In 1621, a brothel keeper wrote a petition to Tokugawa Ieyasu, the shogun and ruler of Japan. He made an argument that it would be good for everyone if a “courtesan quarter”—a red-light district—were set up in Edo (the city which later became Tokyo). The shogun agreed, and unsurprisingly, the brothel keeper was appointed the master of the new pleasure quarter.
Yoshiwara, meaning “field of reeds” because it was basically built on a drained swamp, was completed in 1626. From the moment the gates opened for business, until the district was closed by the government in 1959, Yoshiwara remained a legendary porno version of Disney World for wealthy and lusty adult gentlemen with an itch to be scratched. But for the women who worked there, it was a prison from which they couldn’t escape.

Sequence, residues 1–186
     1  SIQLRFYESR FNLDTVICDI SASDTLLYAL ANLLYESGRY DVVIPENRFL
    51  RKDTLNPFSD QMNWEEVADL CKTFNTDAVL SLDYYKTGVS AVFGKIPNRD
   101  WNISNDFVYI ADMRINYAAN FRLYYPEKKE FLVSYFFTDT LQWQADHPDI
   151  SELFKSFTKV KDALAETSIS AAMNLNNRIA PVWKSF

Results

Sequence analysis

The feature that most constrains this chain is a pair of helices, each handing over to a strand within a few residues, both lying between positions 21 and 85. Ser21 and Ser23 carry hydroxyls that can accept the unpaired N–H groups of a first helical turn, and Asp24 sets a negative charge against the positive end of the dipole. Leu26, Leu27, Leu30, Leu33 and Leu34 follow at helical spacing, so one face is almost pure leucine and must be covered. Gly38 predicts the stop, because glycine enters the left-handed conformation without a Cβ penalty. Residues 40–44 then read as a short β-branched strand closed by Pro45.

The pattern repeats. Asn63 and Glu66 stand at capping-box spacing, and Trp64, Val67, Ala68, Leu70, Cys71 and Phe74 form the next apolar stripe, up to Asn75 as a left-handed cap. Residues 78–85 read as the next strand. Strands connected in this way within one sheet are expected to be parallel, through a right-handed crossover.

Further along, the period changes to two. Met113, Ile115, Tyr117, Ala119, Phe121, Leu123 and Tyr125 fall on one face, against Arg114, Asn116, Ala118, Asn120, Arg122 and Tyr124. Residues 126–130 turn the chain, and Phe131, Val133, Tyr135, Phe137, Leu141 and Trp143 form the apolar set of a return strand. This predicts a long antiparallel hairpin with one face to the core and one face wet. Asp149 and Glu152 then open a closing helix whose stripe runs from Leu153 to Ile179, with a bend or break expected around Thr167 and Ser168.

A long, flat strip was peeled from the taro’s stem—like removing an apple’s peel in one piece. The resulting ribbon was wrapped around a gentleman’s peerless part in overlapping layers and tied off. Ribbed for her pleasure, as it were. Note: the device was sometimes likened to a tapeworm in some poems for its tendency to unravel while in use. For the ladies, konnyaku cut into a string could be wrapped around the finger in similar fashion for similar purpose.